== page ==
Guideline points out Smart Opportunities for the Life Sciences and Food Sectors
With the emergence of molecular biology, point of care solutions and a growing demand for industrial testing, diagnostics is a dynamic field for which miniaturised smart systems can provide unique solutions to improve systems’ intelligence and autonomy.
The European project COWIN, aiming at fostering commercial exploitation of EU-funded research results, now publicates a new “Report and guideline to optimise smart systems penetration into the diagnostics and food markets”.
The use of miniaturised smart systems in the field of diagnostics can bring breakthrough innovation for a reinforced European competitiveness. With the acquisition of smart systems-based companies by leading diagnostics actors, new products are now entering the market that offer innovative new tests and cutting-edge solutions for better patient diagnoses and management as well as in the food and water quality control. This is only the first step - smart systems are poised to bring widespread innovation into the diagnostics field, with intelligence and autonomous functions that will generate new applications and businesses.
The European Commission is willing to support Europe’s competitiveness in this area, as evidenced by the recent call for proposals of the 7th Framework Programme (ICT Call 8), in which a budget of 39 M€ was dedicated to the micro-nano-bio convergence. Europe benefits from the emergence of many activities in the microfluidics and smart systems fields - which only add to an already broad range of competitive European clusters in the life sciences field.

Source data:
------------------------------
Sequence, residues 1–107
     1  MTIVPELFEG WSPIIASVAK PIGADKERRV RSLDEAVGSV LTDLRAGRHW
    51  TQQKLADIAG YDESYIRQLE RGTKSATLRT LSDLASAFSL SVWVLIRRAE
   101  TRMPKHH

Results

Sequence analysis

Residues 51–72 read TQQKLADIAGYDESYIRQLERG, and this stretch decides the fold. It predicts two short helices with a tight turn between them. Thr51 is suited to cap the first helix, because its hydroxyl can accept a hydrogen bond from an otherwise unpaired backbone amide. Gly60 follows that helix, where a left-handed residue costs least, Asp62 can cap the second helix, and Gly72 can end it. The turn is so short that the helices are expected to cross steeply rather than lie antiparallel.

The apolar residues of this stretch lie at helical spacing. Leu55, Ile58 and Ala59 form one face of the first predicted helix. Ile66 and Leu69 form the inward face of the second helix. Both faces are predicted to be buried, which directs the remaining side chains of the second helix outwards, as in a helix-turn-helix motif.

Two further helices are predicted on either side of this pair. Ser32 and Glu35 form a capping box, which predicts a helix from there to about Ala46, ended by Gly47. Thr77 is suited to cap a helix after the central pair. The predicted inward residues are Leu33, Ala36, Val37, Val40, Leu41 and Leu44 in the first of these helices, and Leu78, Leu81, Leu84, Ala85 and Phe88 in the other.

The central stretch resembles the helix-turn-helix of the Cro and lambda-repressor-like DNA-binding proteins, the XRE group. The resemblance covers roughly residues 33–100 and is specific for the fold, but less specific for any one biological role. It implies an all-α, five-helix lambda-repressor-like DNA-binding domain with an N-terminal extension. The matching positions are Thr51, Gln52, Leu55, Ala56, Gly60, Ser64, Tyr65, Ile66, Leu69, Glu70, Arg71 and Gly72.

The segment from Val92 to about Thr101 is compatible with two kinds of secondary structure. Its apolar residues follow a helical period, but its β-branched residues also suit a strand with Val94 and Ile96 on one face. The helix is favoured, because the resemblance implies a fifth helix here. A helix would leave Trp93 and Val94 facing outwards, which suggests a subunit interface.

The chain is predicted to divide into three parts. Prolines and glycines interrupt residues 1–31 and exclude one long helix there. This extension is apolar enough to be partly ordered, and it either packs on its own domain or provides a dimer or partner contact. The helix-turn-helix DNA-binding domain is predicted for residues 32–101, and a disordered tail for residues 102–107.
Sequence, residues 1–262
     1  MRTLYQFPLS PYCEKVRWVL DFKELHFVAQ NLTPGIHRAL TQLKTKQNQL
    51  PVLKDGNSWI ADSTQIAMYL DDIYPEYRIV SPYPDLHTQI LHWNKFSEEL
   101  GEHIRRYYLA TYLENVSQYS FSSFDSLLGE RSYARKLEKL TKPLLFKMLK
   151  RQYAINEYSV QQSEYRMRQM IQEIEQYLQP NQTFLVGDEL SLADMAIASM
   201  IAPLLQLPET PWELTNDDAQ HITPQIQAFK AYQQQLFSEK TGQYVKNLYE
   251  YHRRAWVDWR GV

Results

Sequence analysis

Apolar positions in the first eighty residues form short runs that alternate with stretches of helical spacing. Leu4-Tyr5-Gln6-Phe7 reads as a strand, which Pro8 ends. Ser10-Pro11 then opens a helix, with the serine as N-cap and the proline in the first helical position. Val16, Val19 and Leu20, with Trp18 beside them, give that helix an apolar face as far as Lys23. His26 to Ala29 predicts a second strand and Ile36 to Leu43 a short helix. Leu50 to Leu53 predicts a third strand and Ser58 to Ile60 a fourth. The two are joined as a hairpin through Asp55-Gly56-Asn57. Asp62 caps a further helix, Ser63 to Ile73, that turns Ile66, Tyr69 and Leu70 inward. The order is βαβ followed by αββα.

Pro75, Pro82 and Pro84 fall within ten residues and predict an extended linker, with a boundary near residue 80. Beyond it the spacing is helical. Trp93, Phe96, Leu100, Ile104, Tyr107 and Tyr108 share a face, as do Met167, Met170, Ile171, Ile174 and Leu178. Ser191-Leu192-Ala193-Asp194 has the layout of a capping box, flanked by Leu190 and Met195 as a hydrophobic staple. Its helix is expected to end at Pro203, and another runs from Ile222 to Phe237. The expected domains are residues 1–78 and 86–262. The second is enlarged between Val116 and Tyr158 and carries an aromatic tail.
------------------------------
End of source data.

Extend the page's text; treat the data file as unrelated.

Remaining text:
One example of this support is COWIN’s new “Report and guideline to optimise smart systems penetration into the diagnostics and food markets” presenting the main challenges and barriers to bring miniaturised smart systems to the in-vitro diagnostics and food markets. This report contains added-value information for researchers and companies willing to better understand the diagnostics field’s trends and needs. Indeed the diagnostics field is very fragmented, and a sound analysis of the right applications to address is required. The report also highlights common beliefs and reinforces the tangible benefits that smart systems offer to different diagnostics markets. Also provided are examples of specifications to better address the food and water quality market in order to better support smart systems’ penetration in this emerging and growing market. Finally, a solution to consider regulatory constrains as a driver and not just as a barrier is proposed.
The report, available on http://www.cowin4u.eu/downloads, can also be used as a guideline to drive R&D projects, to build concrete business plans ensuring that technologies and solutions developed will fit a real market need and to optimise the commercial exploitation of research project results in the field of smart systems.